We report here for the first time that the cyclin-dependent kinase PITSLRE/CDK11 is a new factor regulating autophagy. We show that depletion of PITSLRE in Drosophila cells and CDK11, the one ortholog of PITSLRE in human cells, both result in accumulation of autophagosomes indicating that the modulation of autophagy by the kinase is evolutionarily conserved. We also show in human cells that the initial depletion of CDK11 causes cells to undergo an initial induction of autophagic flux whereas at later time points it is clear that autophagosome turnover is significantly retarded, although not completely blocked. How then can we explain these different effects on autophagy at different times? As no substrates of PITSLRE are currently known, it is only possible to speculate as to the role played by PITSLRE/CDK11 in autophagy and how it can have different effects at different times. One possibility is that at early time points the depletion of CDK11 results in induction of autophagy, but at later time points loss of CDK11 also results in a decrease in lysosomal function. This potential explanation is consistent with the data we provide showing that while at later time points autolysosomes are clearly formed, their turnover is markedly reduced ().
One interesting observation from our studies is the downregulation of p62
mRNA following protracted CDK11 knockdown (Fig. S2
). We can only assume that p62
mRNA levels decrease following CDK11 knockdown through a mechanism that decreases either p62
transcription or p62
mRNA stability. Previous studies have shown that p62 protein levels feed-forward to regulate p62
transcription via the transcription factor NRF2.23
Following prolonged CDK11 knockdown, p62 may become sequestered in autophagosomes/autolysosomes which are retarded in their turnover. As a result, this may well break the feed-forward loop regulating p62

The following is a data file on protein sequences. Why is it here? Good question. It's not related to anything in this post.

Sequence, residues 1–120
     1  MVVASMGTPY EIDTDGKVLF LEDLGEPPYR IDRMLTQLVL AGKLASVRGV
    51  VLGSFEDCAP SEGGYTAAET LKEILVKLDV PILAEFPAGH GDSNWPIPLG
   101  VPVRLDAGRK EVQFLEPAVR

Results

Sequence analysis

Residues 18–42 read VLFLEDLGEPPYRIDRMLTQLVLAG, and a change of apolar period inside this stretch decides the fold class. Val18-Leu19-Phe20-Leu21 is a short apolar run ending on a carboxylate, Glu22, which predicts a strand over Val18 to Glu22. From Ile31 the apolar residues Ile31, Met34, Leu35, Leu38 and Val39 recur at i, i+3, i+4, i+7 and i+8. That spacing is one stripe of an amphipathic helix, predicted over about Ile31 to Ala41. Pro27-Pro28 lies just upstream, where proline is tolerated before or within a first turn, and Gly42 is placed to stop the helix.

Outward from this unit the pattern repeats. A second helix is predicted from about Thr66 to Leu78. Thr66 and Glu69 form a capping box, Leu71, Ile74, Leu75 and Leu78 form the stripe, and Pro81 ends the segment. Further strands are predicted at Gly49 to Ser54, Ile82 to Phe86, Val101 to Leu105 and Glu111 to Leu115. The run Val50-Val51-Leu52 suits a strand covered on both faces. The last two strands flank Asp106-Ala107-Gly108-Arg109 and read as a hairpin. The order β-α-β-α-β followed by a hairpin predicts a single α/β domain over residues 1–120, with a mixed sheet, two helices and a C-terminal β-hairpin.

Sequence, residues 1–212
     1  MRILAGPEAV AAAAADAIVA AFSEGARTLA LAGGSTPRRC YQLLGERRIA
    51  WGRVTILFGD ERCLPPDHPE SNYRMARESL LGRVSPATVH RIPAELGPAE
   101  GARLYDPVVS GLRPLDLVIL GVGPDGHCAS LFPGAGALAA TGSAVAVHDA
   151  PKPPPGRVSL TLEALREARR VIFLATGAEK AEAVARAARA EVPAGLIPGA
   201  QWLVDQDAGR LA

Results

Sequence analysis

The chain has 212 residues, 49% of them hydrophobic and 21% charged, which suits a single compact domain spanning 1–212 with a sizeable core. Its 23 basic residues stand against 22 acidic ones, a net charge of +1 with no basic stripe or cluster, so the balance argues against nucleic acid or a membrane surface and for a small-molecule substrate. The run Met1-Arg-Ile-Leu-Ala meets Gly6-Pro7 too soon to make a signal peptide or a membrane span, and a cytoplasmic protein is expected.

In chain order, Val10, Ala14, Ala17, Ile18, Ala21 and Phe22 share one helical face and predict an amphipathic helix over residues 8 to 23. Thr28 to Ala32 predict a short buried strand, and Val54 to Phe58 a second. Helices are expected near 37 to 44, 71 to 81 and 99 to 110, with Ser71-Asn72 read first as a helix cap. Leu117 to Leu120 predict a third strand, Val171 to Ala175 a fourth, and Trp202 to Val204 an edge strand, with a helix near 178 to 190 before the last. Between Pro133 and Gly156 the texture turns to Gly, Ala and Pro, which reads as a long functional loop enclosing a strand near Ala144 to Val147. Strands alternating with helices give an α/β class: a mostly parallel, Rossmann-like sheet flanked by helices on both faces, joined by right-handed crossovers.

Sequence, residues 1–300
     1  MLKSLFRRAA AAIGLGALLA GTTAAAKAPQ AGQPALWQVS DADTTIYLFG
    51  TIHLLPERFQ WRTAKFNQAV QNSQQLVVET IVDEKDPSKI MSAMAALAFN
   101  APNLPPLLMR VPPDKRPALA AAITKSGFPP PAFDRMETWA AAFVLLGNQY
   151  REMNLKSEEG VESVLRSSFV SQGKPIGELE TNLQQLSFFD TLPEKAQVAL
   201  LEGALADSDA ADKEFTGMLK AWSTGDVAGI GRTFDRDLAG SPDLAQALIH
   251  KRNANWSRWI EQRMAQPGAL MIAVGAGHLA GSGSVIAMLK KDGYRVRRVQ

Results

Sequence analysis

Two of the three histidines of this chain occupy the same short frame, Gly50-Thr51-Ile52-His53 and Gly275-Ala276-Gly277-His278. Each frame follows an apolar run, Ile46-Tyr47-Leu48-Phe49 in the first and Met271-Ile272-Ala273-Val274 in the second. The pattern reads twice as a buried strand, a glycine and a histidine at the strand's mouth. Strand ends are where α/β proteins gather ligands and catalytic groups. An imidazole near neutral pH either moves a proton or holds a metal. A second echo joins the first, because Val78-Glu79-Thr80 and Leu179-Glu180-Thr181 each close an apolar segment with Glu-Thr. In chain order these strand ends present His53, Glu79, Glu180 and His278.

transcription leading to decreased levels of p62
mRNA. Further studies are therefore required to ascertain if this mechanism is the cause of p62
mRNA downregulation following long-term loss of CDK11.
Although no clear mechanistic functions for CDK11 are known, in terms of targets for phosphorylation, the kinase has been reported to have effects on multiple biological functions including apoptosis, RNA splicing and mitosis.14–19
It is important therefore not to simply focus on how CDK11 regulates components of the autophagy machinery to bring about the effects we report here, but also how the effects of CDK11 on autophagy impinge on these other CDK11 functions and vice versa. In this regard, we examined the effects of CDK11 knockdown on cell cycle progression and cell death in MDA-MB-231 cells. This revealed that in the time frame studied, CDK11 knockdown had no effect on apoptosis as assessed by analysis for sub-G1
DNA content—a reliable marker of apoptotic death (Fig. S3
Moreover, accumulation of autophagosomes following CDK11 knockdown was not inhibited with a concentration of the pan-caspase inhibitor, zVAD-fmk that was sufficient to inhibit TNFα-driven apoptotic cell death (Fig. S4A and B
). A small increase (15%) in cells in G2
/M phase was observed following 72 h of CDK11 knockdown (Fig. S3
), but we do not consider this to be the cause of autophagy inhibition, since 70–80% of the cells exhibited marked autophagosome accumulation at this time point ().
CDK11 has been reported to be perturbed in various human cancers including neuroblastoma, non-Hodgkin's lymphoma and melanoma.25–27
In light of the findings we report here, it is natural to consider whether the regulation of autophagy is the reason for selection for alterations in CDK11 in these forms of cancer or again whether the involvement of CDK11 in other cellular functions is more important. Ultimately, extensive further studies are required to not only determine the role of CDK11 in the regulation of autophagy, but also to ascertain if CDK11 represents another control point at which autophagy can be deregulated in human disease.